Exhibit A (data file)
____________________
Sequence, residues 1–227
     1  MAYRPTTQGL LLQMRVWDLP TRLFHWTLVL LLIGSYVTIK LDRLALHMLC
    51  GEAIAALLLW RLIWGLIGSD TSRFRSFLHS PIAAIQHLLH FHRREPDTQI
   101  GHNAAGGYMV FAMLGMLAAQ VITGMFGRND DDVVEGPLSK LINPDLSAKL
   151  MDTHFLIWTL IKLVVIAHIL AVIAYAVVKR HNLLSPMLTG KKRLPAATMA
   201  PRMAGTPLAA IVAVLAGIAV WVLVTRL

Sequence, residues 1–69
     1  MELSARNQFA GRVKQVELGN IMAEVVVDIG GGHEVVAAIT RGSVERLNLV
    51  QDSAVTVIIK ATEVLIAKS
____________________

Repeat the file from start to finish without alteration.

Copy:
Sequence, residues 1–227
     1  MAYRPTTQGL LLQMRVWDLP TRLFHWTLVL LLIGSYVTIK LDRLALHMLC
    51  GEAIAALLLW RLIWGLIGSD TSRFRSFLHS PIAAIQHLLH FHRREPDTQI
   101  GHNAAGGYMV FAMLGMLAAQ VITGMFGRND DDVVEGPLSK LINPDLSAKL
   151  MDTHFLIWTL IKLVVIAHIL AVIAYAVVKR HNLLSPMLTG KKRLPAATMA
   201  PRMAGTPLAA IVAVLAGIAV WVLVTRL

Sequence, residues 1–69
     1  MELSARNQFA GRVKQVELGN IMAEVVVDIG GGHEVVAAIT RGSVERLNLV
    51  QDSAVTVIIK ATEVLIAKS